Regression or Pseudo-Inverse – Which Method Should be Preferred when Developing Inverse Linear ECG-Lead Transformations?

Daniel Guldenring1, Ali Rababah2, Dewar Finlay2, Raymond Bond2, Alan Kennedy3, Khaled Rjoob2, Michael Jennings2, James McLaughlin2
1HTW Berlin, 2Ulster University, 3PulseAI Ltd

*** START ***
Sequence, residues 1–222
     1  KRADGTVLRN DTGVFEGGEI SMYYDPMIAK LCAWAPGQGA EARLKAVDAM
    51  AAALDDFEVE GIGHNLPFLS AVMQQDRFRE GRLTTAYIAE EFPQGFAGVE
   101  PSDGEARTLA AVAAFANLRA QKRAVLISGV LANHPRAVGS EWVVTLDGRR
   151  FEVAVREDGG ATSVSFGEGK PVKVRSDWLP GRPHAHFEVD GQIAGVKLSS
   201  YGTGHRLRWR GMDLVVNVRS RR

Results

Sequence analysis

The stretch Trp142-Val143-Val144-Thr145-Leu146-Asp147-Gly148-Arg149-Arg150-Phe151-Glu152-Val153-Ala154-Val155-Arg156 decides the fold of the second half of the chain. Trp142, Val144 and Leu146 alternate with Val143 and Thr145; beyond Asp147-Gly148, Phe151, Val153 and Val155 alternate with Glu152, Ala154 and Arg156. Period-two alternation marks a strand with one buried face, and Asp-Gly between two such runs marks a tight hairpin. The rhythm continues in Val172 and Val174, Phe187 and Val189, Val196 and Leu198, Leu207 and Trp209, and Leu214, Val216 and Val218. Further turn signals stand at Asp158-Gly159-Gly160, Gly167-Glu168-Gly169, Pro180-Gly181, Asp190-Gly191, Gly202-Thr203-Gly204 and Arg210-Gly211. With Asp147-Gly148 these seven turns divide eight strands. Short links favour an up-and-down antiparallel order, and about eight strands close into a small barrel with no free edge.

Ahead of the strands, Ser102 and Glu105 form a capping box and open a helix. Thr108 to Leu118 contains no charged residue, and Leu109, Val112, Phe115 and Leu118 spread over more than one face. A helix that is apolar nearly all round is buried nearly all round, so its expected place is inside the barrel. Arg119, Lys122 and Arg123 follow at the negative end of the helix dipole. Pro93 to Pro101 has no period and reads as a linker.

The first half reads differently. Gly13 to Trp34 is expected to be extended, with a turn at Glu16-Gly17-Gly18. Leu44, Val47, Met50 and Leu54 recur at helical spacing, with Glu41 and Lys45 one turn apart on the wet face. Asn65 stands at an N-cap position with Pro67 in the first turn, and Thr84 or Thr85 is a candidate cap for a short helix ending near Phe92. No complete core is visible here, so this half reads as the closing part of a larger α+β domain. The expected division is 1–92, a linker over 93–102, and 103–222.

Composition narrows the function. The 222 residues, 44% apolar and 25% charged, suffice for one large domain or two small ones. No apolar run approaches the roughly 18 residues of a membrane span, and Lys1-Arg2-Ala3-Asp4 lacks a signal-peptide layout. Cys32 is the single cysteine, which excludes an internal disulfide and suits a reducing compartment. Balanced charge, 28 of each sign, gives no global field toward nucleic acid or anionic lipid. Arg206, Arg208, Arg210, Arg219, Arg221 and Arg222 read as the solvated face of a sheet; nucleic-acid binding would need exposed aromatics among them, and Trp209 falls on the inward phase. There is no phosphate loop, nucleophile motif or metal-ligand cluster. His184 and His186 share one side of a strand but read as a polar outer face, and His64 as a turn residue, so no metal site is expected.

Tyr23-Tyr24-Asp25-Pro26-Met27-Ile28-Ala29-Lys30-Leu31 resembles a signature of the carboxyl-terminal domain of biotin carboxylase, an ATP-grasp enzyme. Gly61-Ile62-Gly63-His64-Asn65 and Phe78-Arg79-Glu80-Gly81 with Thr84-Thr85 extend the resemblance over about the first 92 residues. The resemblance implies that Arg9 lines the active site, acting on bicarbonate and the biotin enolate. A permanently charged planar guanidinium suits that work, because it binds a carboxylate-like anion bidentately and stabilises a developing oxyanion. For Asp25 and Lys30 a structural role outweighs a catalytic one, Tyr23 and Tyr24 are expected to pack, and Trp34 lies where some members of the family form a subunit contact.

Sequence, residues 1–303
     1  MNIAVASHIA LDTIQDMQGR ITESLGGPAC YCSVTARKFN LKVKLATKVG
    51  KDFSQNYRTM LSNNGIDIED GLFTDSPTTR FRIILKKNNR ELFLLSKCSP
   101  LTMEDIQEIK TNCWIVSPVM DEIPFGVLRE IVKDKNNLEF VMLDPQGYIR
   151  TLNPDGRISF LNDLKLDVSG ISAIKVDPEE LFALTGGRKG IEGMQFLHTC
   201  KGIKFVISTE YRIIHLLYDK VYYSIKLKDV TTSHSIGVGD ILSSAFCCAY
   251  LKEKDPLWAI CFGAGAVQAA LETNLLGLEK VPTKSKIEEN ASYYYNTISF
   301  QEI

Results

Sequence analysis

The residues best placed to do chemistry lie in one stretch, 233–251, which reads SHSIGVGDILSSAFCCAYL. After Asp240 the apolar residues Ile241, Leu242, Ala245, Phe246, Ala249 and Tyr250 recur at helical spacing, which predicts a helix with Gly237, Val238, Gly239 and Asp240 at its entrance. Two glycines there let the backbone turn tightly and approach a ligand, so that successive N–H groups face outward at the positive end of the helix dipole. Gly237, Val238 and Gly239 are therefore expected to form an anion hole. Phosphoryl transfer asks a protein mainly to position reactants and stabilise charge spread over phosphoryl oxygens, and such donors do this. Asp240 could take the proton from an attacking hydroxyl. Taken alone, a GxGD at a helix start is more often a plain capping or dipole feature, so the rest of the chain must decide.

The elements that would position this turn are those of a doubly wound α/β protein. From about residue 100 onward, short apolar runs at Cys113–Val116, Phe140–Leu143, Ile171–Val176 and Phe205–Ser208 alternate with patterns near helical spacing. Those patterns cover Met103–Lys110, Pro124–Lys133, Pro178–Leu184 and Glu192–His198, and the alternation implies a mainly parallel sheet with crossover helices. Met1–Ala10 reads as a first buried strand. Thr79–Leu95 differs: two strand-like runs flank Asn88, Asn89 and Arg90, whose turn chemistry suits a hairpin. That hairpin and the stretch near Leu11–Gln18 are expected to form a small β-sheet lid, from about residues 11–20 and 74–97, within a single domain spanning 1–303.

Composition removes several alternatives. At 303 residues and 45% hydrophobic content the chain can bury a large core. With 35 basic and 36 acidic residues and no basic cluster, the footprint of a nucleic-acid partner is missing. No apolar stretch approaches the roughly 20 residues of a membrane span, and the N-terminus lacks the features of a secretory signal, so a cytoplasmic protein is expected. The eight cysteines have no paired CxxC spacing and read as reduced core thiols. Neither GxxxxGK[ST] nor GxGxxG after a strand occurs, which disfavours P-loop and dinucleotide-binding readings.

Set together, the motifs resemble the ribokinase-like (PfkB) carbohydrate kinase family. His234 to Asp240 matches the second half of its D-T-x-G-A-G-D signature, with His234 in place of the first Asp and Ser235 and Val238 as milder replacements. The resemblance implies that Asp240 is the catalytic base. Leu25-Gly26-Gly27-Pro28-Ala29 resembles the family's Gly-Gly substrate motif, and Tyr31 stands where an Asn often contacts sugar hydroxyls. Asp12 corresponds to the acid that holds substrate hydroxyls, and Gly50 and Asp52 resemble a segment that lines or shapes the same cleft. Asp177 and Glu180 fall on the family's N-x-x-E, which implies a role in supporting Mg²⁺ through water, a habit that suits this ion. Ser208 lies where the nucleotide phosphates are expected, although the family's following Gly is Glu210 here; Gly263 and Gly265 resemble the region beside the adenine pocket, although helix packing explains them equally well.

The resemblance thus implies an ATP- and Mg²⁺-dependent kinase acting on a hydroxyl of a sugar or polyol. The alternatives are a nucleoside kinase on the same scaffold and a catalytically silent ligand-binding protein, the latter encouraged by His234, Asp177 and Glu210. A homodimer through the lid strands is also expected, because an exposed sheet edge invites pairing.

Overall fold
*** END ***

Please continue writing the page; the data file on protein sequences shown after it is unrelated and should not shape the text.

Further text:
Linear ECG-lead transformations estimate or derive unrecorded target leads by applying a number of recorded basis leads to a so-called linear ECG-lead transformation matrix. The inverse transform of such a linear ECG-lead transformation performs a transformation in the opposite direction (from the target leads to the basis leads). The pseudo-inverse of a given transformation matrix can be used to perform such an inverse transformation. Linear regression based inverse transformation matrices are, provided that sufficient training data for their development is available, an alternative to pseudo-inverse matrices. The aim of this research was to compare the estimation performance of pseudo-inverse and linear regression based inverse transformations for two example linear ECG-lead transformations. First, 12-lead ECGs and Frank VCGs of n=726 subjects were divided into one training dataset (DTrain) and one testing dataset (DTest). Second, linear regression and the data in DTrain were used to generate two linear ECG-lead transformation matrices (one for the transformation of the 12-lead ECG to the Frank VCG and one for the opposite direction). Third, the pseudo-inverse for each of the two transformation matrices was computed. Forth, the four matrices and the data in DTest were used for the estimation of the Frank VCG and the 12-lead ECG. Fifth, root-mean-squared-error (RMSE) values between the QRS-T complexes of recorded and derived leads were determined. Mean RMSE values associated with the pseudo-inverse, were found to be approximately a factor of two higher, than those associated with the approach based upon linear regression. For example, the RMSE values (mean; (95% confidence interval)) when estimating Frank VCG lead X from the 12-lead ECG using the linear regression and the pseudo-inverse approach were found to be 30µV; (27µV;33µV) and 63µV; (56µV;70µV) respectively. Provided that sufficient training data are available, linear regression should be used for the development of inverse ECG-lead transformation matrices.